ImpactAlpha, April 8 – Some 70% of Myanmar’s 55 million population live off the land for their livelihoods. Yet more than two thirds of people don’t have a bank account, let alone access to formal credit and other financial services critical to operating a farm.
Proximity Finance, one of the country’s few farmer-facing microfinance institutions, serves the financial needs of about 100,000 households. The firm aims to nearly double that number over the next five years and have dispersed one million loans. To jumpstart that growth the firm has raised $10 million in debt from OPIC, the U.S. development finance institution, and the Skoll Foundation.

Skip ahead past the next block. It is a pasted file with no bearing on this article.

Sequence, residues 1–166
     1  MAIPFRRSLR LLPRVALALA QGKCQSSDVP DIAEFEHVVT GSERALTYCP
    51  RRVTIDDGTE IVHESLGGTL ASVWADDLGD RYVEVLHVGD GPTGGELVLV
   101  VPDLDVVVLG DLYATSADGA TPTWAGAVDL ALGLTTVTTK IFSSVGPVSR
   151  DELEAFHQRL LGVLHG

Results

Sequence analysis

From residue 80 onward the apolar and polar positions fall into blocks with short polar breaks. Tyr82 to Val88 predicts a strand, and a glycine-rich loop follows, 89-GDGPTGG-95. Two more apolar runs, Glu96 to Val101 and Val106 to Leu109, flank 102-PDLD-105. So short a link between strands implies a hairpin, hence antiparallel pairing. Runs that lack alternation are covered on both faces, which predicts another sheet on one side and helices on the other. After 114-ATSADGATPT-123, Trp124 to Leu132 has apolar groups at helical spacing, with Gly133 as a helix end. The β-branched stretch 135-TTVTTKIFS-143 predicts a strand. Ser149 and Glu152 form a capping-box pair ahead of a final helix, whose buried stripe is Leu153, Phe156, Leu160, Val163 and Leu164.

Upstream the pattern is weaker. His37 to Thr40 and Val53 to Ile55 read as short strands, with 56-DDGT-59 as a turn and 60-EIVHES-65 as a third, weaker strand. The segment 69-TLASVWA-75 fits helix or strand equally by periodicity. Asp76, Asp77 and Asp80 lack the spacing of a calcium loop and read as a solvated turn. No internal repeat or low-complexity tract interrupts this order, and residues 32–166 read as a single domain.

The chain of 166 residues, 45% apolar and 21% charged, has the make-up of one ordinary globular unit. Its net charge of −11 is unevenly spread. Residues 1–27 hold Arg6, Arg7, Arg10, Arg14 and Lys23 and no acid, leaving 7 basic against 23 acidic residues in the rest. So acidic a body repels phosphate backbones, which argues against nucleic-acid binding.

Catalytic to the deal was Skoll’s $2 million in subordinated debt, which helped de-risked an $8 million loan for OPIC and lowered the overall cost of the $10 million loan for Proximity. “This model enables Proximity Finance to leverage commercial capital from an organization like OPIC that we would not normally be able to access were it not for the presence of Skoll,” said Proximity’s Ben Warren.
Proximity Design, Proximity Finance’s parent company, received a Skoll award in 2012.